MNGOP Rep. Cornish: MOA's gun policy is illegal, creates 'kill zone' for terrorists

In the wake of al-Shabaab's threat against the Mall of America, one of the legislature's staunchest pro-gun rights lawmakers is taking aim at the mall's firearms policy.

Rep. Tony Cornish (R-Good Thunder) argues that not only are signs like the following one illegal, but they're also not wise:

Cornish says when Minnesota's carry law was being discussed at the Capitol a decade ago, mall officials indicated during testimony that they understood people would be allowed to carry firearms in the mall's common areas, like the rotunda.

"They know they are not supposed to [ban guns] and it's a bad idea in general," Cornish tells Fox 9.

Asked to expand on why he thinks banning guns in the mall's common areas isn't smart, Cornish says, "A terrorist pays no attention to signs."

"A terrorist is going to come in and cause mass casualties and couldn't care less if you have a petty misdemeanor violation of a sign," he continues. "It creates a kill zone of unarmed sheep for terrorists."

Reached for comment, Mall of America spokesperson Sarah Schmidt refused to comment on mall's gun policy.

More -- Homeland Security boss says Mall of America shoppers 'got to be particularly careful'

Cornish, a former sheriff's deputy who chairs the House Public Safety Committee, says he doesn't think any legislative action is needed to get the mall to start allowing guns inside the building.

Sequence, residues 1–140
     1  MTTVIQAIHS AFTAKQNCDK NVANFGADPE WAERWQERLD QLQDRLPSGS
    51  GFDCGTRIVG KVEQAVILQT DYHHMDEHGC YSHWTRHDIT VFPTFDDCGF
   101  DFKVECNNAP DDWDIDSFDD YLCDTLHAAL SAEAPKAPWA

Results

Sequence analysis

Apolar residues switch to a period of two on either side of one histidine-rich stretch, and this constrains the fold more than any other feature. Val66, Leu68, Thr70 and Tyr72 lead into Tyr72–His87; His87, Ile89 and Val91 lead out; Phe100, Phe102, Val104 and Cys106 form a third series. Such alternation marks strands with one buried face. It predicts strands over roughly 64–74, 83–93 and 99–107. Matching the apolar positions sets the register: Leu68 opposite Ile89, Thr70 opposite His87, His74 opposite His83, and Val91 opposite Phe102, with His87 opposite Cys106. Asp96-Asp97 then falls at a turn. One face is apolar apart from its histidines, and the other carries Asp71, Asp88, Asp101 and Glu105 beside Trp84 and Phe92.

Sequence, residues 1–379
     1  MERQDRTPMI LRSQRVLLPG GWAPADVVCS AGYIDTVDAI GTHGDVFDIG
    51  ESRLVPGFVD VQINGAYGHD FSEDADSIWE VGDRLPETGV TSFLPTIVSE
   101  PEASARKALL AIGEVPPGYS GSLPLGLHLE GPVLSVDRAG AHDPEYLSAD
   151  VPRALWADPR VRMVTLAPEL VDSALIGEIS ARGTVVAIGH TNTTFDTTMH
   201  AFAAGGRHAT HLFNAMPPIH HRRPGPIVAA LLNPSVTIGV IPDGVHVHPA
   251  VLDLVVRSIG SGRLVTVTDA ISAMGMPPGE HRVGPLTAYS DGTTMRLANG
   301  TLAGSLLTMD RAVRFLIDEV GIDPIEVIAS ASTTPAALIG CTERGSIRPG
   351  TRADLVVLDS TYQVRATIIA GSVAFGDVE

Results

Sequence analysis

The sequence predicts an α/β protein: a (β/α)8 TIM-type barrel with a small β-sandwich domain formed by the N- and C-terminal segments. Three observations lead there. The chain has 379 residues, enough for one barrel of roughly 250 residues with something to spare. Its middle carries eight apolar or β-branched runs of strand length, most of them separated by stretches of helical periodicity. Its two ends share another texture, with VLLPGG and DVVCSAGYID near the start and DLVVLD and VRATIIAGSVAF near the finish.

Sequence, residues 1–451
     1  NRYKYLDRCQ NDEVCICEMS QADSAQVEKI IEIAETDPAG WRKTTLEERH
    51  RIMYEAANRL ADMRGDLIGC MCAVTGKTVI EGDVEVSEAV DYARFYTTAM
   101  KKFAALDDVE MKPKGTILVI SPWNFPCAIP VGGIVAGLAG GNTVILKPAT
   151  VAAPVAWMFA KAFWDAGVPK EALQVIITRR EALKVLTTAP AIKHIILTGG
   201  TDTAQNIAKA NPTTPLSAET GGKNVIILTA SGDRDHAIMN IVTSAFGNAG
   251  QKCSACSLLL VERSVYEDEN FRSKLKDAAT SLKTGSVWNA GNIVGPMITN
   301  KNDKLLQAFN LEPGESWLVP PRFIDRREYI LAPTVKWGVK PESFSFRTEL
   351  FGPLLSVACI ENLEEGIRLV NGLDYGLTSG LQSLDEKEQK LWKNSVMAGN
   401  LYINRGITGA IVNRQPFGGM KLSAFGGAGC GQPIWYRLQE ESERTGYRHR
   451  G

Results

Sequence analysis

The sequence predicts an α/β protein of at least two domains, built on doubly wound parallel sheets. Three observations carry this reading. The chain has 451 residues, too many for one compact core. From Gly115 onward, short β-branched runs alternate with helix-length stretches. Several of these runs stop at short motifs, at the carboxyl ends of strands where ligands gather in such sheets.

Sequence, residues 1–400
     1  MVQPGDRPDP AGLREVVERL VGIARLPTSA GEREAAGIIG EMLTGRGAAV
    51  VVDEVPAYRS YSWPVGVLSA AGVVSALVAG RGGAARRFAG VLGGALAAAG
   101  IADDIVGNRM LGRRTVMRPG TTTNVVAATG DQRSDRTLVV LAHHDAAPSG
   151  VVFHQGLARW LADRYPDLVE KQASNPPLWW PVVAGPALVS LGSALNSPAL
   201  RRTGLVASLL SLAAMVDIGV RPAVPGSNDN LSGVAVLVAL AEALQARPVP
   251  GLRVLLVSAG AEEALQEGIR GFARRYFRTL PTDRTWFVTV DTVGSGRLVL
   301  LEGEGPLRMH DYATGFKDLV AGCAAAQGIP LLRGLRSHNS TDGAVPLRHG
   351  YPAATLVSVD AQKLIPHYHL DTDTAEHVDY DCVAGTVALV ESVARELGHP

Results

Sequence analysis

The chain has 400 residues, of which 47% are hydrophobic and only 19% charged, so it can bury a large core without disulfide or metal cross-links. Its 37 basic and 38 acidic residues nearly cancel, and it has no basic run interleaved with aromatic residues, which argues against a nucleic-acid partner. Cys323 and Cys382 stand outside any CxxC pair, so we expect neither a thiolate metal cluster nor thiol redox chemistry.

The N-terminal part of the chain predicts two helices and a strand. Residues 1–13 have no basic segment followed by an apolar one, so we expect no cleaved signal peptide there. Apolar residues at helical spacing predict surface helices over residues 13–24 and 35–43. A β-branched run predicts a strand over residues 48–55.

"I think what's needed is a test case," he says. "Someone to come in there carrying, but there are hundreds of people that carry through there every week anyway."

Minnesota's carry law allows people to carry openly in some circumstances, and we asked Cornish if he supports open carrying in the mall.

"I have always advised against the option of open carrying because it raises some people's fears," he replies. "But if you go to Arizona, they've had [open carrying] for years, and nobody has a heart attack if they see someone with a .45 in the store. It's a different culture here in Minnesota."

While Cornish is critical of the MOA's gun policy, he supports the right of individual businesses in the mall to ban firearms if they see fit.

If nothing else, Cornish argues the MOA's gun-banning signs should be printed in more languages.

"I've noticed they're all in English, and I would suggest they do them in all the languages from countries that have terrorists," he says, sarcastically. "That way they'll be sure to read them and leave their guns at the door."

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